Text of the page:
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10.7. Tables

Perhaps as a result of a generic need to be able to describe table layout -- something CSS1 lacks -- CSS2 includes a handful of features that apply directly to tables and table cells. First, there are 10 new table-related values for display:


While the effects of most of these are obvious from their names, at least two may not be familiar to you. table-header-group and table-footer-group are used to mark the header and footer of a table. These are displayed, respectively, above or below all the rows of the table, but not outside of the table's caption.

Another interesting effect is that you can align text on a character by using the text-align property. For example, if you wanted to line up a column of figures on a decimal point, you might declare:

TD { text-align: "." }

As long as a set of cells are grouped into a column, their content will be aligned so that the periods all line up along a vertical axis.

Far from relying on existing properties, CSS2 provides a whole array of brand-new properties in the table section. Here are a few of them:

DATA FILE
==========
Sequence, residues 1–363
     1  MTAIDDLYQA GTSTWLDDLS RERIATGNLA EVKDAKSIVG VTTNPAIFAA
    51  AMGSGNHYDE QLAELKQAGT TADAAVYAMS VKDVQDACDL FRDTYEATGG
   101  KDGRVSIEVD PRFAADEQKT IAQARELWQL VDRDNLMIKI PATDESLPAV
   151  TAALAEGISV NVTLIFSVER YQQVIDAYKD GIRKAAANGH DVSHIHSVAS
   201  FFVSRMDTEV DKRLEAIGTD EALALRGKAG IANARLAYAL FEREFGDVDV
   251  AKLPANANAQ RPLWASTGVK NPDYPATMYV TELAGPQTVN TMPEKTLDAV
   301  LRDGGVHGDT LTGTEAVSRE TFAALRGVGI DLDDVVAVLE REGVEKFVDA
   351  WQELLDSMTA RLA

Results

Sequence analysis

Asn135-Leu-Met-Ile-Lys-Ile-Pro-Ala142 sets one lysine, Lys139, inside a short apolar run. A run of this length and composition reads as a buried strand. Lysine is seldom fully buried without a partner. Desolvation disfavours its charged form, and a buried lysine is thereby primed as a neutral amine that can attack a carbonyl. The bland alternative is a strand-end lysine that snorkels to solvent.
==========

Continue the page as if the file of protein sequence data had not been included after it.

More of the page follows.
There are also properties describing how visibility and vertical-align are applied to tables. There is also a caption-side property, which functions exactly the same as the ALIGN attribute on the <CAPTION> tag, and the property speak-header-cell, which controls how header cells are handled by speech-generating browsers (more on that later).

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P.starry {background-image: url(;
background-color: black; color: white;}
<P CLASS="starry">It's the end of autumn, which means the stars will be
brighter than ever!  Join us...

Besides, if you have the image do something other than fully tile across the entire background of the document, then you'll need a color to cover the parts that the image doesn't. Speaking of which ...


Figure 8-35

Figure 8-35. Keeping floats level with their context

7. A left (or right) floating element that has another floating element to its left (or right) may not have its right outer edge to the right (or left) of its containing block's right (or left) edge.

In other words, a floating element cannot stick out beyond the edge of its containing element, unless it's too wide to fit on its



italic | oblique | normal

the negative is added to the positive -- and the resulting valueis the distance between the elements.

To see what this means, let's start with a paragraph that has anegative top margin and no margins on its other sides -- this willkeep the example simple. In addition, we'll make the paragraphbold, so that it's easier to distinguish from its neighbors:

<P STYLE="margin: -1.75em 0 0 0; font-weight: bold;">This paragraph has a negative top margin...